Bone Formation at Risk Due to Prolonged Sleep Disturbance
It always seems like sleep escapes us, and when we don’t receive enough this can negatively affect our health. Sleep disturbance has long been associated with the development of harmful conditions. While a lack of sleep can seem like no big deal, depriving yourself of the proper amount will only make things worse. Some researchers are still discovering links between certain diseases and a lack of sleep. Recently, the University of Colorado found that prolonged sleep disturbance can lead to lower bone formation.
Our bones are the structure of our body, giving us shape and supporting mobility. They also provide a variety of benefits that most are unaware of. For example, the bones produce blood that the body uses and they protect the internal organs from damage.
Like many other parts of the body, the bones replace old cells with new ones. Bone formation allows for the development of new and healthy bones. When this process in disturbed, the bones become weaker and more prone to damage. This condition is called osteoporosis.
Why Sleep Disturbance Is a Risk
Researchers at the University of Colorado tested 10 healthy men for three weeks. During that time, the subjects stayed at a lab to be monitored. In order to mimic sleep restriction, the men were tasked with sleeping four hours later than they did the previous day. They were also only allowed to sleep for 5.6 hours per 24-hour period.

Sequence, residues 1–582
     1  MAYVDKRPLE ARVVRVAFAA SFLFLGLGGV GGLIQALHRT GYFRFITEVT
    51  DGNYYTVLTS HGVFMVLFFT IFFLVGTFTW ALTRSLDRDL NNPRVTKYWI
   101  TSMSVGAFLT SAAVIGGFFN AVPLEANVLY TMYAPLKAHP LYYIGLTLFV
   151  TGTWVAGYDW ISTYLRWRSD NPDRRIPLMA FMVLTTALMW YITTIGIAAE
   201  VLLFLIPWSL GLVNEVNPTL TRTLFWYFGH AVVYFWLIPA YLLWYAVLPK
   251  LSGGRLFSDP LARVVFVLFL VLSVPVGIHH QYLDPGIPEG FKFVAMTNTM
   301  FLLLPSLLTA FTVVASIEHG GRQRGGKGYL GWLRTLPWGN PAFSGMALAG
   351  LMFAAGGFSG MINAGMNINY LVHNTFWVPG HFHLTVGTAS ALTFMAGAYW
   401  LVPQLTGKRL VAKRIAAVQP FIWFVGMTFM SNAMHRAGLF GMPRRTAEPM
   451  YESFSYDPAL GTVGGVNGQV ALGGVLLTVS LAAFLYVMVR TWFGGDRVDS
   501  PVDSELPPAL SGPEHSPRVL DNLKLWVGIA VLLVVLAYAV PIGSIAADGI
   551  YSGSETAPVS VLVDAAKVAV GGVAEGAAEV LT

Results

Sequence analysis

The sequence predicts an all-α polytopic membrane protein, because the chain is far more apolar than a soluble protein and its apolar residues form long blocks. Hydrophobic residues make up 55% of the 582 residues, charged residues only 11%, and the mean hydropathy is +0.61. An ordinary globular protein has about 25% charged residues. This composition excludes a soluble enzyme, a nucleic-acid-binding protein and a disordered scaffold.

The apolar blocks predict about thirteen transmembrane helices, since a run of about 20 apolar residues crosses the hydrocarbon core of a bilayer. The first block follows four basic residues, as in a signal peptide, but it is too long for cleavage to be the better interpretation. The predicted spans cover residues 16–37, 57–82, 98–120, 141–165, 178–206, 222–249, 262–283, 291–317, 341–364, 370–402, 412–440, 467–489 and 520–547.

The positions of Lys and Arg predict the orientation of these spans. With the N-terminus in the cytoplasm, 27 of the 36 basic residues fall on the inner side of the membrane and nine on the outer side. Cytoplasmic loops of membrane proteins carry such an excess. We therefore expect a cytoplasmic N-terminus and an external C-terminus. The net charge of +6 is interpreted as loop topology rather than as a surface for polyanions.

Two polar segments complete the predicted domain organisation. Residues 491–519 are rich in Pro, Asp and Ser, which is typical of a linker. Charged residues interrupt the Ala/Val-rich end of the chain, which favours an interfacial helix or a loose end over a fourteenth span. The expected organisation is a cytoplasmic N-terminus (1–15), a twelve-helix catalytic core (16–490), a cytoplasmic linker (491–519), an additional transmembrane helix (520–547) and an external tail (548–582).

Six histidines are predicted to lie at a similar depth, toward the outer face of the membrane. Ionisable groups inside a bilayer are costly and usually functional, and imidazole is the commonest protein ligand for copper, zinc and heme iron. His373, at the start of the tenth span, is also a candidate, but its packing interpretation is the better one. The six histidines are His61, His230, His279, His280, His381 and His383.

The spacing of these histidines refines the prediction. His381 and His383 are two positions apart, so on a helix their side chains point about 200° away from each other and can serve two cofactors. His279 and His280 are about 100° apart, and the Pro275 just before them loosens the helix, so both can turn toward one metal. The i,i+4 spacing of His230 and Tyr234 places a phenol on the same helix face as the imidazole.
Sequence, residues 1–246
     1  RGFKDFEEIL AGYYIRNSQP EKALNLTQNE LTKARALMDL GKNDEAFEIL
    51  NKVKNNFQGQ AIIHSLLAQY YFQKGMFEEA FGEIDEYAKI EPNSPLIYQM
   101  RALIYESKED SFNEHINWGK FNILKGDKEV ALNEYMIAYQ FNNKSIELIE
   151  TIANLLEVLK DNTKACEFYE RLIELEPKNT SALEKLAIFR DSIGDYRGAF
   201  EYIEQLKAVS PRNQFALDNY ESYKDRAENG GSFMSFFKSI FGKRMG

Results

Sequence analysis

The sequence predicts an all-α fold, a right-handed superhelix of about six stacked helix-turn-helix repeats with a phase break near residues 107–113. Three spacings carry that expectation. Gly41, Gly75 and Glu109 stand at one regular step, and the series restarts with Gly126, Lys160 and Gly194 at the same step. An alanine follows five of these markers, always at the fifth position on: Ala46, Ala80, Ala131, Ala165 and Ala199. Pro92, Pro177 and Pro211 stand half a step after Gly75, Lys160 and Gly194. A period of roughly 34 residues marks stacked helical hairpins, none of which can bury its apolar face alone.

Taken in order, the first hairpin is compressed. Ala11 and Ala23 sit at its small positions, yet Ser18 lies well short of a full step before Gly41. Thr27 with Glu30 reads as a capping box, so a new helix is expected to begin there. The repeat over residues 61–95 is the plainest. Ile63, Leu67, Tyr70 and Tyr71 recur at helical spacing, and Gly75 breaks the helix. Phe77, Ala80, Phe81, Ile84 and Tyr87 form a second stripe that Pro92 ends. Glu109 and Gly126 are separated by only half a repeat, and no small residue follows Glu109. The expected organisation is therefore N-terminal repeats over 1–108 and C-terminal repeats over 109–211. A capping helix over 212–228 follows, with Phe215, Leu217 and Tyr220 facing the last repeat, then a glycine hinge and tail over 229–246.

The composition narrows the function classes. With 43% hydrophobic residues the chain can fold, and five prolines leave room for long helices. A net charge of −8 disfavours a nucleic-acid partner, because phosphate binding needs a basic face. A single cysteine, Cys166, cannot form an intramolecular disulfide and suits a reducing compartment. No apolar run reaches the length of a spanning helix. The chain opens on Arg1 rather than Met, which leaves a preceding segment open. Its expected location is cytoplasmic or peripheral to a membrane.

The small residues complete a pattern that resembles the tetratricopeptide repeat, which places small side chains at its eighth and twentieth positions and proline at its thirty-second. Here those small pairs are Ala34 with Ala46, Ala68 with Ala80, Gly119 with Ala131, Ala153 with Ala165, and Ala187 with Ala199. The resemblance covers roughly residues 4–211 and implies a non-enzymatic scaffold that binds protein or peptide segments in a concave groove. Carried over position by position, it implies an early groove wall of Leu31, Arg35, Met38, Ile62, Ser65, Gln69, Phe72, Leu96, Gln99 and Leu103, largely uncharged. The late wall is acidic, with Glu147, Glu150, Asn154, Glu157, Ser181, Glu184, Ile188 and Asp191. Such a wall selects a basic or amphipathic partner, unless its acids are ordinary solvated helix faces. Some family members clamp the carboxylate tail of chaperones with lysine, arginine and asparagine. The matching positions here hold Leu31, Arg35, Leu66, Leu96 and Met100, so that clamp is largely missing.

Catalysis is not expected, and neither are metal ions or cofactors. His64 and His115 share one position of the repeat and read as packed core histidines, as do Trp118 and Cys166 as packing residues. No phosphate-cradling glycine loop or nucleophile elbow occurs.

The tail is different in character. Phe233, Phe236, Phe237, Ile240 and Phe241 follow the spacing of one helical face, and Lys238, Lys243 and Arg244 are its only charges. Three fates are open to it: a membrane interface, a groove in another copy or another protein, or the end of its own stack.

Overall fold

Behavior like this is common for people who work late shifts or travel a lot. Odd work hours can force some to sleep at different times for short periods of time and people who travel are likely to suffer from jetlag. This sleep disturbance interferes with the circadian rhythms. This is our body internal clock, which tells us when we should sleep. The results of the study showed that after three weeks, all the men had significantly reduced levels of a bone formation marker called P1NP.
What Researchers Had to Say
“This altered bone balance creates a potential bone loss window that could lead to osteoporosis and bone fractures,” lead investigator Christine Swanson, M.D., an assistant professor at the University of Colorado in Aurora, Colo., said. Swanson completed the research while she was a fellow at Oregon Health & Science University in Portland, Ore., with Drs. Eric S. Orwoll and Steven A. Shea.
“If chronic sleep disturbance is identified as a new risk factor for osteoporosis, it could help explain why there is no clear cause for osteoporosis in the approximately 50 percent of the estimated 54 million Americans with low bone mass or osteoporosis,” Swanson said.
“These data suggest that sleep disruption may be most detrimental to bone metabolism earlier in life when bone growth and accrual are crucial for long-term skeletal health,” she said.
This study is a shining example of why people should try to get more sleep. The CDC believes sleep health is important and found that more than 25 percent of the U.S. population receives an inadequate amount of sleep. To find out how much sleep you need, visit the CDC’s sleep guidelines.